With tens of millions of dollars in local property taxes coming due, some Middle Georgians may opt for a short reprieve.
But if they wait too long, they may face longer lines, and any delays would force costly penalties.
Bibb County’s property taxes are technically due Saturday, but because the Nov. 15 due date falls on a weekend, property owners have a bit more time, said Tax Commissioner Tommy Tedders.
“They can pay Monday up until 5 o’clock in the office without a penalty,” said Tedders, whose staff takes payments at the Bibb County Courthouse and in an office at the State Farmer’s Market off Eisenhower Parkway.
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And taxpayers can pay online, as well, with payments being accepted until 11:59 p.m. Monday without penalty. Missing that deadline, though, will cost people more money. Late penalties start at 1 percent per month.
How much is at stake? Tedders said his office billed $132.1 million for real and personal property taxes. As of Wednesday, his staff had entered more than $81 million into its collection program, and about $11 million more was waiting to be typed in from mortgage company escrow payments. Mail payments also are being processed.
In a typical year, Bibb County will collect about 98 or 99 percent of the payments in time. Tedders guessed this might be a better year than some, partially because his office began accepting credit and debit payments. That’s proved popular with car payments, at least.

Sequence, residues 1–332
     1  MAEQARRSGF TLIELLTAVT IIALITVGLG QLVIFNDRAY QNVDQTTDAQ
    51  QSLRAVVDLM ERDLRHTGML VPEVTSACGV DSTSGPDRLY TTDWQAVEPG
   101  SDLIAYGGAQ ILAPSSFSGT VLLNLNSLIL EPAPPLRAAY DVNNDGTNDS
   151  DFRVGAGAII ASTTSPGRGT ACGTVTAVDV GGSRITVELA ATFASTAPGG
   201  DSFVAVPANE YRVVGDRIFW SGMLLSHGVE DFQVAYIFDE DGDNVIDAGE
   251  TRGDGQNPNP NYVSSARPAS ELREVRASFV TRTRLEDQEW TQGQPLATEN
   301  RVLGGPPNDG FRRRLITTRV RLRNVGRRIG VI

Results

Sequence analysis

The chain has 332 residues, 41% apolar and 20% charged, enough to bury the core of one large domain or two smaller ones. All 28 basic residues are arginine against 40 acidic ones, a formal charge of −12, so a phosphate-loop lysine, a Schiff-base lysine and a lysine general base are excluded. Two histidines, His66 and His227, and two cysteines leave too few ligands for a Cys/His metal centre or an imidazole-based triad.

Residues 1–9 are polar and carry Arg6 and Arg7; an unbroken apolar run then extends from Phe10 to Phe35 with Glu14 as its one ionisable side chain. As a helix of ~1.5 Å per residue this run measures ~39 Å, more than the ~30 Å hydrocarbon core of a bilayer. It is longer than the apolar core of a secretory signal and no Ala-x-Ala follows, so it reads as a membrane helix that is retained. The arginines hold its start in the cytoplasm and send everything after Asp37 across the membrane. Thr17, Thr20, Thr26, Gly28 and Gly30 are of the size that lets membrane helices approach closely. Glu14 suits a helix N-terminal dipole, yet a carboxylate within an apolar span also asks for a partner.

Tedders’ courthouse offices are moving to Walnut Street later this month.
“We’ve got movers in here packing us and moving us while still trying to conduct business,” he said. “It’s an experience.”
In Houston County, property owners still have about a month to pay their taxes, which officially are due Dec. 20. Because that’s a Saturday, they can pay the following Monday without penalty, said Tax Commissioner Mark Kushinka. They can pay at the Perry or Warner Robins offices by 5 p.m., get their mail postmarked by that Monday or pay online. But Kushinka hopes people don’t dawdle, if only for their own sake.
“We’ll be busy (that) Friday and Monday, very busy,” he said. “People who come before that day don’t have to wait as long.”
Kushinka said he’s billing for about $85 million in real and personal property taxes, and he expects to collect about 99 percent of that amount.
To contact writer Mike Stucka, call 744-4251.